Team Cigar Review: La Gloria Cubana Esteli Robusto

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Cigar Details: La Gloria Cubana Esteli Robusto

  • Vitola: Short Robusto
  • Length: 4.5″
  • Ring Gauge: 50
  • Country of Origin: Nicaragua
  • Wrapper: Nicaragua
  • Binder: Honduras
  • Filler: Honduras
  • Factory: STG Estelí
  • Blender: Undisclosed
  • Price: $4.99
  • Release Date: August 2018
  • Source: La Gloria Cubana

Aaron-Loomis

 Aaron Loomis

Seth Geise

 Seth Geise

 John McTavish

Pre-light Experience

The wrapper is medium brown with a decent number of darker freckles. There are a couple of medium sized veins that are slightly raised while the seams are easily visible as they are raised as well. The pieces of wrapper used for the head are cut quite jagged and it’s hard to tell if there are two or three. The band is the traditional style for the company although this one lists the line name below the company logo. The aroma from the wrapper is nearly non-existent as it is just a very faint wood. The foot brings stone fruit sweetness and white pepper. The pre-light draw consists of a mellow cedar note.

Pre-light Experience

This short, but thick Robusto is firm in hand and has a wrapper that is smooth in texture. It has a coloring between Colorado Maduro and Maduro, and it sports some small to medium size veins throughout. The aroma at the foot is of rich earth, cocoa and Asian spices, while the wrapper is showing leather, hay, earth, spices and some distinct anise notes.

Pre-light Experience

The La Gloria Cubana Esteli Robusto has a red, silver and yellow band with black lettering. I would describe the wrapper as being very dark, approaching Oscuro shade.

First Third

The cigar begins with musty oak and a mellow baking spice. At a quarter inch in, the mustiness has a slight lead over the oak while the baking spice picks up slightly. At an inch in, the mustiness and oak are back to even while the baking spice is very faint. The retrohale provides a mellower version of this same profile. As the third comes to a close, the oak transitions to cedar to go along with the mustiness and the baking spice has dropped out. The strength in this third was mild-medium.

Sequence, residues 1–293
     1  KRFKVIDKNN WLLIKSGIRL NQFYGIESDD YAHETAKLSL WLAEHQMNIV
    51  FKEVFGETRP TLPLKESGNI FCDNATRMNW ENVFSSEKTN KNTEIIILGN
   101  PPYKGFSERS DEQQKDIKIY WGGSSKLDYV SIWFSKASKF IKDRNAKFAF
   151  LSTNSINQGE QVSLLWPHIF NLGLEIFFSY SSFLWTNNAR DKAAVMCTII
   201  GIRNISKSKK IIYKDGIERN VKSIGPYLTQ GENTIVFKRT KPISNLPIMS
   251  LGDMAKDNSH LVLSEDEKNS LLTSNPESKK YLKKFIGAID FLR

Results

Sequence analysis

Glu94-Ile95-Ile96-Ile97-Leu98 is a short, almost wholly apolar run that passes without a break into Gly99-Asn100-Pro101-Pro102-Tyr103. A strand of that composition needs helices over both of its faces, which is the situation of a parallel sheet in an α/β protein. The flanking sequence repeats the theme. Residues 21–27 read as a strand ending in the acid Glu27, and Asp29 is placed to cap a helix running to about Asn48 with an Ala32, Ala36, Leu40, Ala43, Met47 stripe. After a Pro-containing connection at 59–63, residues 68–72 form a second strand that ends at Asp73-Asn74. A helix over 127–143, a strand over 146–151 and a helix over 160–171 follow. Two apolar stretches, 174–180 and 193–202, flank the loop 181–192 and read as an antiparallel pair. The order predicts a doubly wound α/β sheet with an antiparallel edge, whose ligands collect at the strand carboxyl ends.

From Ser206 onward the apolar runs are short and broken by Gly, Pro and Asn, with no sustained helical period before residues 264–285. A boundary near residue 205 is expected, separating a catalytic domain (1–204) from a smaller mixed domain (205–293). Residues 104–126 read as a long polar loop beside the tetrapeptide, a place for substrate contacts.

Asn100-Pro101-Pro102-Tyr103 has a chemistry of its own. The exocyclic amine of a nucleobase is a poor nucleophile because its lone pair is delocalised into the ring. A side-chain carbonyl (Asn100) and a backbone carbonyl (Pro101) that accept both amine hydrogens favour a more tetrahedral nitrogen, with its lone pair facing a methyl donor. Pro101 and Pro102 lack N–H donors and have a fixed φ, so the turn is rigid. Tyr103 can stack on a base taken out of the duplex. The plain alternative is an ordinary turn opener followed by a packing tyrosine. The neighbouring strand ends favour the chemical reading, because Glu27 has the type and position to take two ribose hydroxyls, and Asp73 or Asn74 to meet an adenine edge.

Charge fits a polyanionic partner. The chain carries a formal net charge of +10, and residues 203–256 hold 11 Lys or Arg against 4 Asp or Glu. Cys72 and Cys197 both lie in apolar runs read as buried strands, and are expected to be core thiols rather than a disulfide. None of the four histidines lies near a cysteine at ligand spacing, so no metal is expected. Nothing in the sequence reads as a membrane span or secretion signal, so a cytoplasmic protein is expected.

First Third

The first third begins by delivering some chocolate and earthy qualities. There is some citrus spice present with that, touches of lemon zest, and it is following by some white pepper, meat like qualities and some nutty characteristics. I would classify the cigar as being medium in body and strength, and it is focused on the flavors.

First Third

As I take my first few draws on the LGC Esteli, I get savory barbeque with a light plus leather on the post draw. Toasted earth and cedar begin to develop. The earth tones present as very heavy on the palate, at times pushing aside the other flavors. Some medium plus spices begin to come through as the first third establishes itself. At the halfway point, the profile takes on a creme brulee aspect with the toasted sugar sweetness at the forefront. The earth that was so dominant previously is now falling in intensity.

Second Third

As the second third begins, the profile is a full musty cedar. At a half inch in, a slight creaminess joins the musty cedar. At an inch in, the cedar gains a slight char and a bit of black pepper joins the profile. The retrohale is slightly charred cedar and mustiness. As the third comes to a close, the black pepper is replaced by a not so enjoyable earthiness to go along with the musty and charred cedar. The strength in this third moved up to slightly below medium.

Second Third

When I enter into the second third, I find the leather and white pepper notes are more pronounced than before, and they are pairing well with the citrus and earthy qualities. It is not as complex as it was in the first third, but still a solid second third to the cigar. Body and strength have increased to a level between medium and medium-full.

Second Third

Once the middle third has had a chance to settle, medium minus strength chocolate starts to define the profile. At the end of the middle third, the earth from the first third returns, bringing a toasted quality with it.

Final Third

As the final third begins, a slight mintiness joins in with the musty and charred cedar while the earthiness is now very faint. At a quarter inch in, the cigar warms up a bit and a medicinal type note joins the profile. At three quarters of an inch in, the medicinal note is replaced by a vegetal note. The retrohale carries the musty and charred cedar and vegetal note. This is the profile the cigar maintains until the end. The strength remained at slightly below medium.

Final Third